First you need stale bread or "day old" bread. At our house no one likes the heals of the loaf. So I stick the heals in the freezer in a bag and keep until Thanksgiving. We do this with hamburger buns, hoagie rolls - any leftover breads go into the freezer. But you can go to the bakery section of any grocery store and ask for day old bread - bonus, you'll get a loaf at a reduced price (usually 1/2 off). Get two loaves. I recommend a really nice bread with no preservatives or strange chemicals.
|Yum - 7 ingredients|
When the toast is cool enough, break it into bit sized pieces and put in a large bowl.
Chop up one sweet onion and four celery stalks. You can use more or less depending on your preferences. Toss the veggies into the bowl with the bread.
Add 1 cup of chicken broth (or water) and 1/4 olive oil or melted butter. Stir. Sprinkle with 1 teaspoon salt, 1/4 teaspoon pepper and 1 teaspoon poultry seasoning (available at the grocery store). Stir. Taste.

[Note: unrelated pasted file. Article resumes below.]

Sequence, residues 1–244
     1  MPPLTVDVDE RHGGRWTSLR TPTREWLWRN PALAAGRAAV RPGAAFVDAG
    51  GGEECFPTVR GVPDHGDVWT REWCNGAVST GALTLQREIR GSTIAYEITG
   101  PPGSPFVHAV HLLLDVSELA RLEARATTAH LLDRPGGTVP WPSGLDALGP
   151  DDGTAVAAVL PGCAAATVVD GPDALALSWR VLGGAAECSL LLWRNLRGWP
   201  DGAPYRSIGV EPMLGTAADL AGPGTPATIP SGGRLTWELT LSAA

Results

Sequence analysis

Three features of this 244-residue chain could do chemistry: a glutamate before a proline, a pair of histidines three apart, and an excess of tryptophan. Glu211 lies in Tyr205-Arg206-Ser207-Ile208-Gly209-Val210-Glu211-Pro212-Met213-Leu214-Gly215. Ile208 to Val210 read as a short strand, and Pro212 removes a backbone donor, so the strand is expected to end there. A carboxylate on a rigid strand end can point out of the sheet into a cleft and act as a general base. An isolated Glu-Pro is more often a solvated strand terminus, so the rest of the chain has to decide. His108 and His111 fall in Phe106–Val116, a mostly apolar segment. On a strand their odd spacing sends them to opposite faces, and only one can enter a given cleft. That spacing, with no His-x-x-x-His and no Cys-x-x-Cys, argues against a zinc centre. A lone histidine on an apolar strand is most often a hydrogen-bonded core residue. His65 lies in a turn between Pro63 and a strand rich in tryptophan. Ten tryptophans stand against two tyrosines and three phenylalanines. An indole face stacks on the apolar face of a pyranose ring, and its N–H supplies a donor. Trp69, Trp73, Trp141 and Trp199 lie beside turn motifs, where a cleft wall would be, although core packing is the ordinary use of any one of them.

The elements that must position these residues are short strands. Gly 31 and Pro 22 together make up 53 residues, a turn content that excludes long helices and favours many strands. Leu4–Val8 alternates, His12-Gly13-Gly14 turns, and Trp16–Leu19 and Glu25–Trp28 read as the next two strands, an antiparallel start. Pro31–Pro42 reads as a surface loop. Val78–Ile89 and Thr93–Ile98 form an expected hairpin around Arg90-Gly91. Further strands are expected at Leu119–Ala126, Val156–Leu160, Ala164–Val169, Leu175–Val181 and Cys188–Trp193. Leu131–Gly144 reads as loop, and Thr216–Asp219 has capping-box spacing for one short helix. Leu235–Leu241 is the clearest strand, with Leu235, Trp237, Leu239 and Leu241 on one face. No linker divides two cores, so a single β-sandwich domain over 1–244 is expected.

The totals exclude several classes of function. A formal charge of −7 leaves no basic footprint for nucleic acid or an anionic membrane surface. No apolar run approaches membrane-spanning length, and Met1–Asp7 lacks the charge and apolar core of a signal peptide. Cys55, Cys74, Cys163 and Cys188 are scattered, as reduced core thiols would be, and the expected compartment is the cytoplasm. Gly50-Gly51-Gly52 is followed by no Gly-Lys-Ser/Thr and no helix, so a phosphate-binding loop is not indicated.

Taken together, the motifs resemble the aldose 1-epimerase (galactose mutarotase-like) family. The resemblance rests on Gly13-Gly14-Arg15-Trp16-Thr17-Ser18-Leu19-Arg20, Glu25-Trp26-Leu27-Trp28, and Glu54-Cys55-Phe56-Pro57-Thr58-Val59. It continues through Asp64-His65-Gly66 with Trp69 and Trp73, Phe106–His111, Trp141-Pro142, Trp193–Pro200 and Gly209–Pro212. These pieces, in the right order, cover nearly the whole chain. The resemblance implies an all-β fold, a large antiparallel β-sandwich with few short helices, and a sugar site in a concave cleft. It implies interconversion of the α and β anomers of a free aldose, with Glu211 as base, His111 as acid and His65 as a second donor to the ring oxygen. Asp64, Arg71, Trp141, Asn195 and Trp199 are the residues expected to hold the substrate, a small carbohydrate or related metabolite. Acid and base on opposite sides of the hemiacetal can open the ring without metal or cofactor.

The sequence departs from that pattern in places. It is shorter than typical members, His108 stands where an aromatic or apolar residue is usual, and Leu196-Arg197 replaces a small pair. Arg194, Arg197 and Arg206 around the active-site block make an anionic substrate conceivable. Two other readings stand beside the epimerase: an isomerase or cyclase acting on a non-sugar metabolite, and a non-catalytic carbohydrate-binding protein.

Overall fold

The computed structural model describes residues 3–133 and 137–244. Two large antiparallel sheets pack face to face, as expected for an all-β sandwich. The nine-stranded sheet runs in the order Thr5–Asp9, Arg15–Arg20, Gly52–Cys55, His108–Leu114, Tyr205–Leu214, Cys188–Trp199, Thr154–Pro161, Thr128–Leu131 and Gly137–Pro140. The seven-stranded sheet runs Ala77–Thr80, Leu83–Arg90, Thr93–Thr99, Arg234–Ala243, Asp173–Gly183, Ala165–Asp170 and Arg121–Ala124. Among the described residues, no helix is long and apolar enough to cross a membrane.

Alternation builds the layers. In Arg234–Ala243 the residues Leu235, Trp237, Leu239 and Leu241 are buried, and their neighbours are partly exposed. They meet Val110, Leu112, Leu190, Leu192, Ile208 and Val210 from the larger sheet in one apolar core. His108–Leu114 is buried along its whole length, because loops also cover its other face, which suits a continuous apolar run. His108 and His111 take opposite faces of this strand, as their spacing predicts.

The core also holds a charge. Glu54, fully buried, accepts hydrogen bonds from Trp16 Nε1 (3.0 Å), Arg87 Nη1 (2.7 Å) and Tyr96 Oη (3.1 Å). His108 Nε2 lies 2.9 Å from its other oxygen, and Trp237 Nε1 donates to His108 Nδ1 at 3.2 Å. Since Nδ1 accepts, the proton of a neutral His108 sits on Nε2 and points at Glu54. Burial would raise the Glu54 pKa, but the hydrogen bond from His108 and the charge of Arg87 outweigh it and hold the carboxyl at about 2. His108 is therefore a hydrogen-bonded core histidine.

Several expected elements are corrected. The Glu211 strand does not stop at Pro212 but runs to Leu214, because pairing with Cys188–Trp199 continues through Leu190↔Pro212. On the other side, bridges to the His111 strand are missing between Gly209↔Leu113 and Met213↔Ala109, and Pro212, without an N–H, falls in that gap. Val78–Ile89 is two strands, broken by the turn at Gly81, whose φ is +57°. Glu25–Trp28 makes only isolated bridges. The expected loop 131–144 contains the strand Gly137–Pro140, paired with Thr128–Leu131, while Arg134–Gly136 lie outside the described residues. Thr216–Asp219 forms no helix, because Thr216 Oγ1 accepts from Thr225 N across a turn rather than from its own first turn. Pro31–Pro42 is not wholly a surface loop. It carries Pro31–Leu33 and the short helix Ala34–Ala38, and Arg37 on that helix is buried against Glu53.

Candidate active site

Now it's all up to you. I like my stuffing moist, so I'd add more broth/water and olive oil or butter. Add 1/4 cup liquid and 1 Tablespoon oil at a time until it looks right. I also like more flavor, so I'd probably add more poultry seasoning, 1/4 teaspoon at a time. Tasting often (my favorite part).
Other yummy additions - chopped apples, dried cranberries, dried currants, cooked sausage. Most families have their favorite.
You can make the stuffing, up to this point, a day a head of time (Wednesday). It needs to be stored in the fridge, covered to keep the moisture in.
Then bake it. Officially you aren't suppose to stuff the bird. I don't care. Nothing is better than the stuffing that comes from inside a roasted turkey. We use a good thermometer to make sure everything gets hot enough. We always make a huge batch of stuffing, so half of it ends up in a casserole dish. Bake at 350 F, with the lid on the dish, for 25 minutes and with lid off for an addition 10 minutes to brown up the top.